Learn About the History and Function of Chapbooks
A Creative Writing Outlet for Poetry, Children's Stories, and More
A chapbook has traditionally been defined as literature consisting chiefly of small pamphlets of popular tales, ballads, children's stories, religious tracts, political tracts, nursery rhymes, folk tales, almanacs, and poetry. However, to modern writers, a chapbook is simply a booklet of creative work about 30-40 pages long. Many publishers host chapbook contests, awarding the winners a cash prize and a chapbook publication.
The History of Chapbooks
Chapbooks first came about in 16th century Europe with popular fairy tales like "Jack and Giant Killer." They were cheaply constructed and not always pleasing to the eye, but during the 1500s they were purchased by people who otherwise weren't able to buy books and were often thrown out after reading or repurposed.
Chapbooks were an important means for disseminating popular culture to common people, particularly those who lived in rural areas. They entertained, provided information and offered history (though it was often unreliable!). Chapbooks even contributed to increasing the rate of literacy. Illiteracy in England during the 1640s was around 70 percent for men, and the rate dropped to 40 percent during the mid-18th century.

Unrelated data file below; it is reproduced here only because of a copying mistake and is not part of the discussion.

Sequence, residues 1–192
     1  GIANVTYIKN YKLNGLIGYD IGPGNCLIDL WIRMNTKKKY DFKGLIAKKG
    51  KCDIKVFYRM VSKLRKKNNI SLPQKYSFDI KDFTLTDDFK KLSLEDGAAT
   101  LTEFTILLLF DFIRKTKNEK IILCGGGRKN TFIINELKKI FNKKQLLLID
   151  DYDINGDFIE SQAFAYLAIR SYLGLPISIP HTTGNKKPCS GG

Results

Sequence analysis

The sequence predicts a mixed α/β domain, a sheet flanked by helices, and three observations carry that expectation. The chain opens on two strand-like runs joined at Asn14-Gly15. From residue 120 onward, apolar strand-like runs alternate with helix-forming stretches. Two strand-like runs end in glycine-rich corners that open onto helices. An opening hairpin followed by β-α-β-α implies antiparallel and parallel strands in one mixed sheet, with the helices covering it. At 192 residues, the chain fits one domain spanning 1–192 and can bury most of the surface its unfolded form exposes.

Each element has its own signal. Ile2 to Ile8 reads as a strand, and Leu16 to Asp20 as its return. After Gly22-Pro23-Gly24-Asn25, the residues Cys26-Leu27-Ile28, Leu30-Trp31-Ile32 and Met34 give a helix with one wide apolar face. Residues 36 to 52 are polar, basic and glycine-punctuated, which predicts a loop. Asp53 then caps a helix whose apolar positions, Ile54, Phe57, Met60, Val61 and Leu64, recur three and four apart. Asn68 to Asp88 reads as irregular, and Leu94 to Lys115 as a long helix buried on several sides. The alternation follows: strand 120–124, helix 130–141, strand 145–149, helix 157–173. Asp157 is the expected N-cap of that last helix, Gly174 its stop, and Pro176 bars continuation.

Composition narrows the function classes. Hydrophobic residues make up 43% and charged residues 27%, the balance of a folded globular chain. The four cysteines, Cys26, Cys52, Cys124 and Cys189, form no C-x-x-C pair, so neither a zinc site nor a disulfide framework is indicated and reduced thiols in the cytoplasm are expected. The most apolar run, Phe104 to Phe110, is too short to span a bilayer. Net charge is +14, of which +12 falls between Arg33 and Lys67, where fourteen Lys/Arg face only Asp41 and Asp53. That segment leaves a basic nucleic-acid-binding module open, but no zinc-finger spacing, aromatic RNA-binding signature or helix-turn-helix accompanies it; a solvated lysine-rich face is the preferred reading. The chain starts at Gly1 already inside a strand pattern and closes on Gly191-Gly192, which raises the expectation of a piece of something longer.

The number of chapbooks printed in England is mind-boggling. During the 1660s, as many as 400,000 almanacs were printed every year, enough to distribute to one of every three families in Britain. Chapbooks were priced to be affordable to workers, although their sales were not limited to the working classes. Ballads sold for a halfpenny or just a few pence. Chapbooks seemed to disappear until the 19th century, but in the last 100 years, they've resurfaced, mainly among poetry and short prose writers.
What They Look Like Today
Chapbooks are usually artful, well-made pamphlets bound by saddle-staples. One feature that hasn't changed over time is that they generally boast a greater aesthetic or artistic quality that traditional books because publishers are more willing to experiment given that the print run is shorter. While chapbooks don't count as a "real" book publication, they do carry a degree of prestige. For writers -- usually poets -- it's a chance to showcase part of a manuscript or to see a shorter work published.
Poetry chapbooks are the most common, and while the chapbook doesn't qualify as a full-length publication, it is a beneficial opportunity for the writer to experiment and to use it as a springboard for professional development. New York's Center for Book Arts' poetry chapbook contest offers opportunities for artists and writers to work together in creating what is essentially a work of art. Only 100 copies of the book are printed, and 10 of them go to the artist.
Other chapbook contests may not focus as much on the history and aesthetics of the book, but they do generally produce a more artful product than standard book publishers. The smaller size and print run allow for greater emphasis on design and aesthetics. While they may not reach a huge audience, chapbooks can be appreciated as a physical object in a way that many contemporary books cannot.